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Electron Beam Melting, EBM

Additive manufacturing method that melts powdered metal in a vacuum chamber using an electron beam.

Illustration of Electron Beam Melting, EBM

The process

Objects are manufactured in layers in a vacuum chamber [1]. It utilizes the energy source of an electron beam [2] generated by an electron beam cannon to melt metal powder [3]. The powder is ejected from a cartridges and spread on a building platform [4] using a rake [5], the entire powder bed is then heated to 700-900°C using the electron beam

The electron beam then melts the cross sections, as per the CAD model, in the current layer. The powder in the current layer and underlying layer is completely melted and then the building platform is lowered corresponding to one layer thickness, usually around 50μm and the process is repeated until the model is completed.

After the construction process, the building platform is moved to a type of blaster where excess powder is recycled. The properties of the article are usually better compared to the corresponding cast articles and in many cases they are equivalent to the corresponding forged articles.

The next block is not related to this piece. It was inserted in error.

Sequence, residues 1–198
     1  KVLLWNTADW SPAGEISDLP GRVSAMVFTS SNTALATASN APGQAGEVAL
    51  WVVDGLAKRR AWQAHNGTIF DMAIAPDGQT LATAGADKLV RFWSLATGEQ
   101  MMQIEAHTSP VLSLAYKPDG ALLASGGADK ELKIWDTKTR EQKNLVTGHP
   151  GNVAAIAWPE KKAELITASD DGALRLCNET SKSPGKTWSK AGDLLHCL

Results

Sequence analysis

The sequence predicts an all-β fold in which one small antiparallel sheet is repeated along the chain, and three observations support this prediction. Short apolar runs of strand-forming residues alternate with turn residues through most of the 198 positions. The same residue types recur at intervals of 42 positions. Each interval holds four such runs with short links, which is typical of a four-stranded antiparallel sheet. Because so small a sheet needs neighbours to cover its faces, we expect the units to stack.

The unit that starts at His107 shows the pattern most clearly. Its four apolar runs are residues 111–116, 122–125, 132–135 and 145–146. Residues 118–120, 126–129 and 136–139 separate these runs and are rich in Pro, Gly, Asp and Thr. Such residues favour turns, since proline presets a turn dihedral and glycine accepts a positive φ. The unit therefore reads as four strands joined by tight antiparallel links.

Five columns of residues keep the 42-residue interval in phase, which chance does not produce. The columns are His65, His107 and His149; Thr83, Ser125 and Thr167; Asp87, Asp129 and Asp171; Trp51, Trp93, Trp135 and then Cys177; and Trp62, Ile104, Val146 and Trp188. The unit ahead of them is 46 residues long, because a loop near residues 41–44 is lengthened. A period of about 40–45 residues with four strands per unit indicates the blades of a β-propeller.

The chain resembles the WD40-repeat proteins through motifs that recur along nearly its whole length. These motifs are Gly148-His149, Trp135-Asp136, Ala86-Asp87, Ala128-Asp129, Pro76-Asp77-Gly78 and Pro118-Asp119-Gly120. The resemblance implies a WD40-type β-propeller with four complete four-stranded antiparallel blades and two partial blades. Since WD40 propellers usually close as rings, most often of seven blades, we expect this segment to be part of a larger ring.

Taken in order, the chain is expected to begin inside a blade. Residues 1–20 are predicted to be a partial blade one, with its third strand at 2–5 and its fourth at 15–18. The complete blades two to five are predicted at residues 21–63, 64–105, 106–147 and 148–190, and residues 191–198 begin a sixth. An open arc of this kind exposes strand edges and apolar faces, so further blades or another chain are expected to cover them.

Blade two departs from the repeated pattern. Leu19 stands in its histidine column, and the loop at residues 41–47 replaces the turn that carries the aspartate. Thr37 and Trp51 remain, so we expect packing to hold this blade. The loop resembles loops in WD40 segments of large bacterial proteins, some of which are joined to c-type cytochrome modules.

In some cases, subsequent heat treatments may be required, such as, for example, hot isostatic pressing (HIP) for titanium alloys in order to improve fatigue strength.

Advantages and disadvantages
In comparison with alternative methods
Large geometric freedom
Minimum waste of material
Flexible process without tooling and set-up costs
Increased process temperature minimizes residual stresses
The vacuum environment eliminates impurities such as oxides
Limited commercially available materials
Requires the most all subsequent processing
Surface finish worse than during laser treatment
Great demands on process understanding to be able to get the full benefit